|A Publishing Nerd is Born|
I learned to be an editor by accident.
As a 19 year-old college student, I already knew that the world of publishing called to me. So the fact that students at my college wrote and edited an annual edition of The Insider’s Guide to Colleges for St. Martin’s press was a boon to me. I needed that on my resume.
Strangely, proto publishing nerds are not thick on the ground even at Yale. So the fact that I’d turned in five or six three-page college write-ups on time attracted attention. “Hey, you! Quiet girl in the corner—do you want to be an editor?”
I was wise enough to say yes, and my editing career was born. But I came to the task with a certain amount of trepidation. As I eyed that first stack of 800 word articles, I had no idea what it was I brought to the table. After all, the writer of each one had all the information, right? What use would it be to stick my nose in?
But then I began to read them. And before half an hour had passed, I was rearranging sentences and scribbling notes, asking for clarity. At least 50% of an editor’s job was simply to not be the person who wrote the thing. The job was to be unfamiliar enough with the material to know when things weren’t right. To not be blinded by my own intentions.
Fast forward *mumble mumble* years, and I found myself haunting the hallways of the Query Tracker Forum. At first, I critiqued queries on the board because it seemed like the helpful thing to do. Since I received assistance there, it seemed only right to chime in. But the critiquing I did there quickly began to strengthen my own query efforts. Any reader of the query critique threads will recognize familiar mistakes more easily than someone who labors only on her own work.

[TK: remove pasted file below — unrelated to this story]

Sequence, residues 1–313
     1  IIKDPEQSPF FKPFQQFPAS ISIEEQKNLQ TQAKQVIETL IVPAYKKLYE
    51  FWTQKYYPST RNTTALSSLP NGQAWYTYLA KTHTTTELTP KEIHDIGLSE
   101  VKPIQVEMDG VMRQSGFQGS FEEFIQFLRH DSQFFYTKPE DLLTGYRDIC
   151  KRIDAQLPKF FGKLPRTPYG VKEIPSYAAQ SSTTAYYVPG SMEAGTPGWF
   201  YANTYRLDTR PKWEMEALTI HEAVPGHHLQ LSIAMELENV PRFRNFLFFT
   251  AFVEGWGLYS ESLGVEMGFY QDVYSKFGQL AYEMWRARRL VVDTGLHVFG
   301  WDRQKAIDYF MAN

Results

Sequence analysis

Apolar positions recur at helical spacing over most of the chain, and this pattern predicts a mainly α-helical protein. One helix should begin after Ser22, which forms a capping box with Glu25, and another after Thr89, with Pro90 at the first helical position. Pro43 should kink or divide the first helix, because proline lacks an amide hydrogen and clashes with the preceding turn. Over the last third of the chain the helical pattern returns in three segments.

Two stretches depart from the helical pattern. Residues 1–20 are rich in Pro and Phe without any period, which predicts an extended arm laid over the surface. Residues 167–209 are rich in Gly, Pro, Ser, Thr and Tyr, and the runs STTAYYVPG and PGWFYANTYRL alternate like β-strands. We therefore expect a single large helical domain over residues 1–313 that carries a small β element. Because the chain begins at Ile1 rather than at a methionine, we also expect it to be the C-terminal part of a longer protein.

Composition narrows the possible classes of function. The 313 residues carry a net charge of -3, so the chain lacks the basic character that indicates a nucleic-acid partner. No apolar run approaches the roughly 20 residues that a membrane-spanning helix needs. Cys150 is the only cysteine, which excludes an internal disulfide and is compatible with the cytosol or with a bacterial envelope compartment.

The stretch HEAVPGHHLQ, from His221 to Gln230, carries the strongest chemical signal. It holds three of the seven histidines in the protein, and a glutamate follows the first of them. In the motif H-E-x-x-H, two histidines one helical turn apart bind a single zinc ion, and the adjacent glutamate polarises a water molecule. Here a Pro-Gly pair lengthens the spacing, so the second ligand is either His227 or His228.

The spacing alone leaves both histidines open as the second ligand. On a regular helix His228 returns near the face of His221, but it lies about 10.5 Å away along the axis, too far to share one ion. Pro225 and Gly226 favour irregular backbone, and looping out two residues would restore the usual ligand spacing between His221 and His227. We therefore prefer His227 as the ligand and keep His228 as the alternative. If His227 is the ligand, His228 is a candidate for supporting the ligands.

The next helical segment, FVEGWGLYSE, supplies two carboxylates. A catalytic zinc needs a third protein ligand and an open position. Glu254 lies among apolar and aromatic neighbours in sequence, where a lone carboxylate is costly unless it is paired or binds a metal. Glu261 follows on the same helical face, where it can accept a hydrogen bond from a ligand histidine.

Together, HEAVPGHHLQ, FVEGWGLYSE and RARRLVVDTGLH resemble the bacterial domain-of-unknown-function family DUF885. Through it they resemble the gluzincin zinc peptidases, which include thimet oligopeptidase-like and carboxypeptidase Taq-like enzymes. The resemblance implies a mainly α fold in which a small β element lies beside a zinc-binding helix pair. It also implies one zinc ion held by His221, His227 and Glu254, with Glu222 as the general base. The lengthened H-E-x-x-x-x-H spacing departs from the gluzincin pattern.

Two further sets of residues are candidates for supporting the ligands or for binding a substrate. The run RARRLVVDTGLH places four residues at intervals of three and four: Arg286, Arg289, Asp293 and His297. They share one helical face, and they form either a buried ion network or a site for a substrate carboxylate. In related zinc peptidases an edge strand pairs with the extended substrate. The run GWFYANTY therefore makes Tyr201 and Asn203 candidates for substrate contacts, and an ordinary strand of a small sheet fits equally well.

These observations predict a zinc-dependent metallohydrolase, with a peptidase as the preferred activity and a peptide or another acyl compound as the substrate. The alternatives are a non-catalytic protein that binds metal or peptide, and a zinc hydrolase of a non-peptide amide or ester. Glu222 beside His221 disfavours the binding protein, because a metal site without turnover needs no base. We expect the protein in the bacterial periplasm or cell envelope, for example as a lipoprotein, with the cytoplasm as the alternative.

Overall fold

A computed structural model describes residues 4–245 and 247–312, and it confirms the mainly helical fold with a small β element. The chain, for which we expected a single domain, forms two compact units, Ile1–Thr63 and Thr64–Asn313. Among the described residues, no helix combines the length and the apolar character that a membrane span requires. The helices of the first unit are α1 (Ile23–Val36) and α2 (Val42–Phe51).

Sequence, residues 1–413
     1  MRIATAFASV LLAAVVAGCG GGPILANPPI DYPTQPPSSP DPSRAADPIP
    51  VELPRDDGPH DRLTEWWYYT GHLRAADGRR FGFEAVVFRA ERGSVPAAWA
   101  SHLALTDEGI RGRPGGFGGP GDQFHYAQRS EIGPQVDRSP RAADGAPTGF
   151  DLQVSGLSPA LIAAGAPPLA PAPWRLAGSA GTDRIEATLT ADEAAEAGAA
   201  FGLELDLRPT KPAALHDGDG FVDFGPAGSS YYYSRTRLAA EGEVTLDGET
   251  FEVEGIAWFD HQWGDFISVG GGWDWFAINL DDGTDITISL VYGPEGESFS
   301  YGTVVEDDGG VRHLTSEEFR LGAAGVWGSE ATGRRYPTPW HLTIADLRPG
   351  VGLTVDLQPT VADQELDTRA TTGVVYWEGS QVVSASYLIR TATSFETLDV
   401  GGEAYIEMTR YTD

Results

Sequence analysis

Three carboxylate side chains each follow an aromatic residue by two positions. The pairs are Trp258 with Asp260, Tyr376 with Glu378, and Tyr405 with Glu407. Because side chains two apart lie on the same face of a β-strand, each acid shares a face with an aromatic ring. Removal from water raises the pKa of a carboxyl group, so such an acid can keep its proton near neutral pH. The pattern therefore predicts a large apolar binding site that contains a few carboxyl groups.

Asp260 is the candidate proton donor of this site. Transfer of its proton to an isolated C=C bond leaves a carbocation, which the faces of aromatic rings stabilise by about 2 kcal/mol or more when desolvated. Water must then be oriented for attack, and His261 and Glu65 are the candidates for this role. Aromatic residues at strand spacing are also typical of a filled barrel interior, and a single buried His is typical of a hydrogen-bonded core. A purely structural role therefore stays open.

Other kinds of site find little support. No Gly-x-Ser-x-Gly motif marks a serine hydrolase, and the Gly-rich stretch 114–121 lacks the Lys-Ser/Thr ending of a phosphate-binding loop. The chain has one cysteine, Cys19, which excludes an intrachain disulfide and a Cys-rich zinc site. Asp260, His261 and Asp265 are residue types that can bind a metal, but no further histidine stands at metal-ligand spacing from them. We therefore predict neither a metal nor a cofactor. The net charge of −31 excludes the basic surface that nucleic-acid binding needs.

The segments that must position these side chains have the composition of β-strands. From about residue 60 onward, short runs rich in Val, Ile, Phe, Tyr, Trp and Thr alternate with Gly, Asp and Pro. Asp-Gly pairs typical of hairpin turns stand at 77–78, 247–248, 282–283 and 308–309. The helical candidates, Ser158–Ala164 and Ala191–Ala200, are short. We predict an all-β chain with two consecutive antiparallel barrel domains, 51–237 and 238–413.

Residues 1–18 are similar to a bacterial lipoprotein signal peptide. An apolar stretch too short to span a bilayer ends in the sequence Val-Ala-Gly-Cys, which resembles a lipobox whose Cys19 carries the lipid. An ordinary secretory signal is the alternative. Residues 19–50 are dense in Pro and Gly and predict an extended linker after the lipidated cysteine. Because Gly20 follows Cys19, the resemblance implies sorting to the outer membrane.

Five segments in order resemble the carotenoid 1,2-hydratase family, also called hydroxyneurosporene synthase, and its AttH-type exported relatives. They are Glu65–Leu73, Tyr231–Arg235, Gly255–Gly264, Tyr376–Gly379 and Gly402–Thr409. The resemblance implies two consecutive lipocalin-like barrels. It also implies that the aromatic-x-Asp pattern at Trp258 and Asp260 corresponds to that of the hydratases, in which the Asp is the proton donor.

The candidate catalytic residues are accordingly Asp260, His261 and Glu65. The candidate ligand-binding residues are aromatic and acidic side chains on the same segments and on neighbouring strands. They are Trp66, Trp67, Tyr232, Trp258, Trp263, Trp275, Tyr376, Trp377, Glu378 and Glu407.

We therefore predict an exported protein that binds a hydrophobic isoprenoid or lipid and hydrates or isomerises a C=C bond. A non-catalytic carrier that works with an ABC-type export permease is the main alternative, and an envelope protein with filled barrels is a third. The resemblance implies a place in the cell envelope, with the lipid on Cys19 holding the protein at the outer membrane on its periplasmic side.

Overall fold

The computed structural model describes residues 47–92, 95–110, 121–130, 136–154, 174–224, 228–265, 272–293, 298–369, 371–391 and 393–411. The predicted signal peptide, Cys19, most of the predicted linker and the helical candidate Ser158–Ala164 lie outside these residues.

Whenever you step in, attempting to smooth out someone’s sentence—rescuing that sparkly description from drowning in adverbs, or untangling modifiers—you’re editing for yourself, too. It is the rare query which contains only mistakes I’m past making for myself. There’s always something to learn.
Last year, I heard a New Yorker Out Loud podcast on the subject of Twitter, in which the editors stunned me with their utter lack at horror over the idea of spending an afternoon trying to write the perfect tweet. Really? These masters of the long form would stoop so low? “It’s time in the batting cage,” one of them rationalized. And that’s what query critiquing can do for us all. Genre be damned.
And after you’ve read your 100th would-be query, a second layer of utility begins to form alongside all your new editing skills. By reading those threads, you’re putting yourself in the agent’s chair. Is this the fifth query you’ve seen which begins: “MC wants nothing more from summer vacation than a deep tan and an invitation to the beach jam, but…?” Note to self! That opener, while perfectly sound, has been around the block a few times. I’d better not employ it myself. You will also start to spot common query ills—the dropping of too many character names, the compression of too much plot, the overly chatty bio ‘graf. Even if you’ve read up from excellent sources on the “Glamour Don’ts” of query writing, witnessing them in real time is starlingly educational.
Lastly, the art of critique is, in and of itself, an essential writerly skill. I have learned to start every critique by saying one positive thing. Even if the query needs buckets of work (and even if you suspect the manuscript does, too) there is always something encouraging to say.
At my children's school, the first grade teacher closes the day with a verse that the children stand at their desks to recite. The last two lines are keepers: "Every kind word makes me stronger. Every kind deed sets me free." What's true on the playground also works in queryland. Good luck out there!